Joe has been on fire lately– check him out if you haven’t yet. I’ve wanted to respond to a bunch of what he’s written and today want to address the sunk cost fallacy. If you’re not familiar with the term a sunk cost fallacy happens when you attach too much value to an item/experience simply by the virtue of the fact that it’s already paid for. It’s an epidemic in the miles/points game, but not exclusive to it. I just realized Deal Dad have been operating under a sunk cost fallacy for 12 years. Exhibit A? The Sleep Number Bed. I have to give a proper sleep number bed review to demonstrate my point.
Sleep Number Bed Review
We ordered a queen size Sleep Number bed twelve years ago when we moved into this house. Our excitement for the $900 purchase waned the moment it arrived and we realized what it actually is: two air mattresses surrounded by a cover. It arrives sadly deflated so your first job is to pump it up and figure out your number. After twelve years of ownership neither Deal Dad nor I could tell you our number.
However the lack of digit specificity is the least of the Sleep Number bed’s problems. The main selling point of the Sleep Number bed is that two partners can have two different sleeping styles and two different settings. That is indeed true.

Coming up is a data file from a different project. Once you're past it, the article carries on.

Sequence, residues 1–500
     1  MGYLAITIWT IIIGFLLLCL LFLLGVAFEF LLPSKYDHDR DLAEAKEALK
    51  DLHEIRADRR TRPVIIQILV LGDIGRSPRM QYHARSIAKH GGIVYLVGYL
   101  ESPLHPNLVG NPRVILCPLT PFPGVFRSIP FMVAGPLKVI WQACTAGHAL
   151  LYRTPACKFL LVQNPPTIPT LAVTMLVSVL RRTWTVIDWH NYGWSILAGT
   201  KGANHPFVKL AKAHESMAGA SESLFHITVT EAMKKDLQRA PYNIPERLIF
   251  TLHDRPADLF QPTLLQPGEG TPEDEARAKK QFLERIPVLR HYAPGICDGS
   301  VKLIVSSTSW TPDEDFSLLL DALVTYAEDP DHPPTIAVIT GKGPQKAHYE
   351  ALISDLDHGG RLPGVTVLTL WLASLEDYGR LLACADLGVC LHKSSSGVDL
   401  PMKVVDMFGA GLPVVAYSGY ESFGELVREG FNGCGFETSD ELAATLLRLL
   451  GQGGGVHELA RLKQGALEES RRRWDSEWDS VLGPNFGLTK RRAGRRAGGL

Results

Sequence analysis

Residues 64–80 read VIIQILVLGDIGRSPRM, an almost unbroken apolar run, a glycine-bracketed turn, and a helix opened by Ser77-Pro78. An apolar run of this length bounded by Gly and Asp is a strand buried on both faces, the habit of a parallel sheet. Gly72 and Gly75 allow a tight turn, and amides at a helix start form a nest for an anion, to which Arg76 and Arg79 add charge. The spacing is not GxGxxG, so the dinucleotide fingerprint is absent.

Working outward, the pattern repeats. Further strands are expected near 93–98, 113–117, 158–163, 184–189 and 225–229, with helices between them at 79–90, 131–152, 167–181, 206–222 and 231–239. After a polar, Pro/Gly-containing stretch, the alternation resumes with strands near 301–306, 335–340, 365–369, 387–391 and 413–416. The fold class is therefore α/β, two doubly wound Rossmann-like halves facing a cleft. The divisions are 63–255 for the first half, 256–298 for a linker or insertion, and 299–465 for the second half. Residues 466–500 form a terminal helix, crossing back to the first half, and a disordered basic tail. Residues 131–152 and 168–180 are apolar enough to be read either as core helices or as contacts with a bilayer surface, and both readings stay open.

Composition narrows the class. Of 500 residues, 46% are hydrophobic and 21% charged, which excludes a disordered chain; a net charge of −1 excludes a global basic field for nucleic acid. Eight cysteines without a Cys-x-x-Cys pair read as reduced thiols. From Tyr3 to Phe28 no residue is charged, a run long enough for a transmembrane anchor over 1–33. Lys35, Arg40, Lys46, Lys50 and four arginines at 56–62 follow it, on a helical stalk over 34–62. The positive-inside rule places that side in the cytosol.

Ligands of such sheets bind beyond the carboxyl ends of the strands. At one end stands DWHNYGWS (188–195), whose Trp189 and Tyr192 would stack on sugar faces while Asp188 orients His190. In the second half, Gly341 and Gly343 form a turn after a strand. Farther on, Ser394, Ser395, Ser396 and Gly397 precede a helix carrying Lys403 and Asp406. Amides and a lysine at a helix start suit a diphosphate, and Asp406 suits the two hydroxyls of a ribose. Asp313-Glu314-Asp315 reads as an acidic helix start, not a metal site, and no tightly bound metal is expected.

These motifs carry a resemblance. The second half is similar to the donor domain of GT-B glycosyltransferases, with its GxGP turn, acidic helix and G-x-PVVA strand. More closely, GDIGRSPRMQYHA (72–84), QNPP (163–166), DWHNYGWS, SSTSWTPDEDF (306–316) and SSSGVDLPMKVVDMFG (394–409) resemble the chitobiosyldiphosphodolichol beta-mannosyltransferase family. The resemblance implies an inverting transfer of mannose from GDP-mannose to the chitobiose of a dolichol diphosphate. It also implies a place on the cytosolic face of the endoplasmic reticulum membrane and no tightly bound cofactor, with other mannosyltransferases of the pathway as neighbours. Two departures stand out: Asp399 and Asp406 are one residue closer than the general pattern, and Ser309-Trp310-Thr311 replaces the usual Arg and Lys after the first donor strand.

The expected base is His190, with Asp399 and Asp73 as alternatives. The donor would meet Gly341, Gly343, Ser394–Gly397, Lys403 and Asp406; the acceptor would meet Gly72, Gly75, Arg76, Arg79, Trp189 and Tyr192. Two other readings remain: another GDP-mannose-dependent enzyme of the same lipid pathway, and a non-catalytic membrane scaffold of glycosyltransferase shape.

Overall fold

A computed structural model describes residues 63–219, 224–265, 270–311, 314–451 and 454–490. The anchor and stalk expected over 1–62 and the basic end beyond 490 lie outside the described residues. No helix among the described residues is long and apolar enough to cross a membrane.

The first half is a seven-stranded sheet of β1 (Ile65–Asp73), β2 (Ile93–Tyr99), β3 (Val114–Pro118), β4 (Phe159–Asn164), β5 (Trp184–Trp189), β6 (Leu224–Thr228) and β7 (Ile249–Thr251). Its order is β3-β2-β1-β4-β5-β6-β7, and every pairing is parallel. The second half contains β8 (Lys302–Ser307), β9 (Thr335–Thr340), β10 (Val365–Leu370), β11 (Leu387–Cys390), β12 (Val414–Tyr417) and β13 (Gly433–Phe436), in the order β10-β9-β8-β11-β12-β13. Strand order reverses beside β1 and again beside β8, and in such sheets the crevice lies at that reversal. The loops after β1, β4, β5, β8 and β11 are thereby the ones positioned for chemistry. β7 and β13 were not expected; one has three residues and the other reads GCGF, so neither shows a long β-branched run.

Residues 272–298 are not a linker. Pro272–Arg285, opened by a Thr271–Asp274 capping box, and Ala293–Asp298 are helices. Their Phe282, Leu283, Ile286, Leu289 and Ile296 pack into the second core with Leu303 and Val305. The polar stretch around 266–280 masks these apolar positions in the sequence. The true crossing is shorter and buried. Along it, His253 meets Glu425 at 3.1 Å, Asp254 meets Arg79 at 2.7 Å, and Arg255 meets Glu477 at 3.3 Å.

What they don’t tell you is that when two partners have two different sleeping styles and two different settings the bed is at two entirely different heights! The experience is akin to being in a European hotel room with two different twin mattresses smushed together and being called a king. There was at least an inch drop between Deal Dad’s and my side of the bed. Not to get too TMI, but this is not an ideal situation for a married couple.
The marital disharmony was even not the worst feature of the Sleep Number bed. That prize goes to the massive jolt the sleeping partner gets when the other one gets up because the air mattress is trying to re-establish equilibrium. Add a kid or 60 pound dog to the mix and it’s a recipe for spending the night in a bounce house.
And the sleep quality wasn’t great, either.
The Sunk Cost Fallacy
Thinking rationally the thing we should have done is cut our losses and bought a new bed. But we didn’t. Why? Because we spent $900 on the sucker. Only with the remodel did we give ourselves permission to chuck the sleep number. And even then it was only an American Express $100 off offer combined with a coupon code combined with a need to hit min spend for a signup bonus that made me pull the trigger on a Cocoon by Sealy.
Within seconds of sinking into the new mattress I berated myself for holding on to that #@$@# Sleep Number bed for so long. Why the self-flagellation? The sunk cost fallacy in action.
Are you punishing yourself with an ill fitting item or experience because you’ve already paid (too much) for it?
Let. It. Go.
Thank me later. (And feel free to share your story..this is a safe space.)
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